- Release of drug in saliva: Panel of volunteers is asked to chew the drug delivery device for a certain period of time and to assess the remaining quantity of active substance in the residual gum. In this way, the gums are really chewed and the formulation is subjected not only to the mechanical stresses of an artificial machine but also it undergoes all the phenomena involved in this process (increase of salivary secretion, saliva pH variation, swallowing and absorption by the oral mucosa, etc.) which can strongly influence the performance of the dosage form and the amount and rate of drug release. Optimized formulation with good consistency can be selected for the release of drug in saliva. Minimum Four human volunteers can be selected (two male and two female). Volunteers are instructed to rinse their mouth with distilled water and allowed to chewing the medicated chewing gum for 15 minutes, so that its maximum release has to be taken. Sample of saliva are taken after 2, 4, 6, 8, 10, 12, 14, 15 min. The saliva samples are made diluted in required solvent and absorbance is analyzed by suitable analytical method 38.
- Dissolution test of residual medicated chewing gum: In this experiment, gums are tested by a panel of volunteers to verify the drug release process from the drug delivery system. Each person chews one sample of the tableted gum for different time periods (1, 5, 10, 15 min) 39. The residual gums are cut into small pieces, frozen and then ground till obtaining a fine powder. The residual drug content is determined by using suitable analytical method. The amount of drug released during mastication is calculated by subtracting the amount of residual active ingredient present in the gum from the total content, whereas pharmacokinetics can be determined from withdrawn blood samples at specific time intervals. The prerequisites of human volunteers, person-to-person variability in the chewing pattern, chewing frequencies, composition of individual salivary fluid and flow rate of saliva are a few limitations of chew-out studies.
- Urinary excretion profile of medicated chewing gum: This method can be applicable only to those drugs which are excreted via urine. In that minimum four healthy human volunteer are selected for the study of formulations. Volunteers are strictly instructed that they should not take any medicine in the last 48 hour. They are fasted overnight, and emptied their bladder in the volumetric flask. Sample collection starts from blank of zero hour urine. Then sample collection is done on the 15 min, 1, 2, 3, 4, 6, 7, 8, 10, 11, 12, 24 hour intervals after administration of medicated chewing gum. The volunteers are asked to drink water at regular intervals of 30 min. and urine samples are analyzed by suitable analytical methods.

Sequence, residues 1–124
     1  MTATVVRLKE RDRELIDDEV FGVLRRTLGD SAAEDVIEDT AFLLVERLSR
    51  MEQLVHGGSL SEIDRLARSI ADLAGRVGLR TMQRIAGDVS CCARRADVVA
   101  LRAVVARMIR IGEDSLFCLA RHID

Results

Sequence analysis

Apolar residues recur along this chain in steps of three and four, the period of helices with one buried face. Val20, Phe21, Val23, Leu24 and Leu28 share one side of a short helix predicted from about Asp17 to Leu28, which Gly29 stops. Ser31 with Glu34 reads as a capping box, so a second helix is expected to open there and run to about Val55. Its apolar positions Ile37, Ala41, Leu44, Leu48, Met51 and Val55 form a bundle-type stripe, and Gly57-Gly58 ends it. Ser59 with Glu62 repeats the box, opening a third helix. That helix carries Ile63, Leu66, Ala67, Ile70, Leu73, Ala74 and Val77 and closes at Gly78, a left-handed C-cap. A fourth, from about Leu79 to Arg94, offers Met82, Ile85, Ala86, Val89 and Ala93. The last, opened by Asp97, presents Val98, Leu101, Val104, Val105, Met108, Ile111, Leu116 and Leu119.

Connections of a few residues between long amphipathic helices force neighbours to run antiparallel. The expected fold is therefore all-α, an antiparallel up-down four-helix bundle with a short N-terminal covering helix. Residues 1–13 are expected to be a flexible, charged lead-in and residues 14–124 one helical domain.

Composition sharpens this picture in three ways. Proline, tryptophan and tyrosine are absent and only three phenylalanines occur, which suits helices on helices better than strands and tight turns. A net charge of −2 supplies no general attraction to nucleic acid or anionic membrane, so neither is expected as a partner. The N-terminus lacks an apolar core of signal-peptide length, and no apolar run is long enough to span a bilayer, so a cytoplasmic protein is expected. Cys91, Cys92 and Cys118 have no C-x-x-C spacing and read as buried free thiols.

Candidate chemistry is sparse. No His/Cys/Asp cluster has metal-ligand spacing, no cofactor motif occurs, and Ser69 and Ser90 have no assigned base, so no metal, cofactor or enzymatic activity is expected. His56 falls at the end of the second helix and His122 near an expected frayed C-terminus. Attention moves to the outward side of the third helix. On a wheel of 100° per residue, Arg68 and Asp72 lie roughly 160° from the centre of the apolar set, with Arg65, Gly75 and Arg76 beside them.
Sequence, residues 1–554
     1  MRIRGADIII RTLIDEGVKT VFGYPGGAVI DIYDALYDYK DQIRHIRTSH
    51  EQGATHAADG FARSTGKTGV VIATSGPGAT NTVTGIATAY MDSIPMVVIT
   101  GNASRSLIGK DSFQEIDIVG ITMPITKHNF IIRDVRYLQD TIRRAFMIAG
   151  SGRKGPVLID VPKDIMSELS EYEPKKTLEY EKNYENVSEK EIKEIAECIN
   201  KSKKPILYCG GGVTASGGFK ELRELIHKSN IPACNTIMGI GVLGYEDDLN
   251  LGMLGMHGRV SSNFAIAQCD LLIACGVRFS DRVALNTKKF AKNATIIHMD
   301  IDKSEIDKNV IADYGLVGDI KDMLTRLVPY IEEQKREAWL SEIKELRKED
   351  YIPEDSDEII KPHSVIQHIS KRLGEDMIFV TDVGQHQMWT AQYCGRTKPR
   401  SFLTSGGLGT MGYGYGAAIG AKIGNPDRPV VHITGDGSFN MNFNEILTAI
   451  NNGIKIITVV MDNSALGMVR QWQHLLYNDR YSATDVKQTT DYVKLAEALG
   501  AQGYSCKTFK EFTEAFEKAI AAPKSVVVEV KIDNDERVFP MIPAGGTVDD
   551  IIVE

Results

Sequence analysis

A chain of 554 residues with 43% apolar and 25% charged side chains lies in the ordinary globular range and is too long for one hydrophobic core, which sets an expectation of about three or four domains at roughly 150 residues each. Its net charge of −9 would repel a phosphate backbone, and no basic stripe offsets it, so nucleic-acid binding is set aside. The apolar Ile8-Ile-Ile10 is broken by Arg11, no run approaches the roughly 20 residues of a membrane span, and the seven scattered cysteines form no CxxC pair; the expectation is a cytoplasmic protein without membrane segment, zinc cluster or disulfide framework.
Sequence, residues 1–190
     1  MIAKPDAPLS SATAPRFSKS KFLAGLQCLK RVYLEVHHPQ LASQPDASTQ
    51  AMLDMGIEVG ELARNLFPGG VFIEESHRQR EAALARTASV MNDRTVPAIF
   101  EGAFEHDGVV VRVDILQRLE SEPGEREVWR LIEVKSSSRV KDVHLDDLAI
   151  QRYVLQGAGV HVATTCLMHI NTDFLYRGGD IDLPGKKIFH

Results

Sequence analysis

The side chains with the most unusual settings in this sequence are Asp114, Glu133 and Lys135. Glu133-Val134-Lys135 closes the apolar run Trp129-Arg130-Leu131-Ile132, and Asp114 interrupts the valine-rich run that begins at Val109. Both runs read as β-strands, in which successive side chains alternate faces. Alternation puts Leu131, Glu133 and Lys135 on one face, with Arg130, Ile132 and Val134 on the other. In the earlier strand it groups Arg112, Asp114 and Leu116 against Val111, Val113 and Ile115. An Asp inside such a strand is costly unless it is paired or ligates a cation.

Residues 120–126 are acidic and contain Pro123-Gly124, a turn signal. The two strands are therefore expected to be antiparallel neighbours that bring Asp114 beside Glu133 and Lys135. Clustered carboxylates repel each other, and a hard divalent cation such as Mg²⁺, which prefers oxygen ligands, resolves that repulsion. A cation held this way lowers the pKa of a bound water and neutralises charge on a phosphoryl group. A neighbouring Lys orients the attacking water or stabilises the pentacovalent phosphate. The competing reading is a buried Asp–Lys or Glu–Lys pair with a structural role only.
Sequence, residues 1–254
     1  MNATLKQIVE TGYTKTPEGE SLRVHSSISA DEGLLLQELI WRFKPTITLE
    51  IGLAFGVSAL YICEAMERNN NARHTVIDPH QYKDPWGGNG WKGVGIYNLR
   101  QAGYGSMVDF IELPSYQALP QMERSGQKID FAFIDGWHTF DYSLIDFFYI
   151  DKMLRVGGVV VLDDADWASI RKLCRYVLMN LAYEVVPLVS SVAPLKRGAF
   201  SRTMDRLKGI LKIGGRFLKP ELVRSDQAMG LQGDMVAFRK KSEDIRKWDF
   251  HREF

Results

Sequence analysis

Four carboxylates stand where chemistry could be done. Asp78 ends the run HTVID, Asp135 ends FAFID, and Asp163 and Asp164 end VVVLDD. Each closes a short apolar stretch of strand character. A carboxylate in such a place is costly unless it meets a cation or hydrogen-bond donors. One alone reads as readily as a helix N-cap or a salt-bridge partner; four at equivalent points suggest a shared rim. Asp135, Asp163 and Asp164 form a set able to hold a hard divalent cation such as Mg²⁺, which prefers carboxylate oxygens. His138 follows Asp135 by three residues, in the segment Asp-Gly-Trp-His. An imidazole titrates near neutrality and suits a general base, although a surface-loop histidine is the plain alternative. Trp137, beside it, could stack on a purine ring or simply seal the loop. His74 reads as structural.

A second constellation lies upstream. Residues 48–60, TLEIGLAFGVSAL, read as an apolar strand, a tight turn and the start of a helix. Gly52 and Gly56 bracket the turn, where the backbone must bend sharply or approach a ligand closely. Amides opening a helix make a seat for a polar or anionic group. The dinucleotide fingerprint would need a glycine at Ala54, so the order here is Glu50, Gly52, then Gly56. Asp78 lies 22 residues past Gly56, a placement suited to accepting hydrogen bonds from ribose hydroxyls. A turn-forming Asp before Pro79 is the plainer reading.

- Buccal absorption test: Human volunteer swirled fixed volume of drug solution of known concentration at different pH value of 1.2, 5, 6, 6.5, 7, 7.5, 7.8, 8, in the oral cavity for 15 min and then expelled out. The expelled saliva is analyzed for drug content and back calculated for buccal absorption.
Factors affecting release of active ingredient from MCG:
- Person-to-person variability: One of the reasons why MCG has not yet been fully exploited is because of the therapeutic uncertainty related to the drug delivery method that is, a patient’s mechanical chewing action. The gum’s therapeutic effect depends on chewing and as each person has his/her own chewing force, frequency and chewing time, which may lead to variation in results. The rate at which the subject chews gum also affects the amount of drug released. The average chewing rate is ~ 60 chews every minute. For this purpose, the release of nicotine from Nicorette chewed at different rates has been investigated. In that study it was found that a chewing rate of 1 chew every second gave a significantly (p < 0.05) higher release than a chewing rate of 1 chew every 8 s. An in vitro study prescribed by European Pharmacopoeia suggests 60 strokes a minute are sufficient for proper release of active ingredient.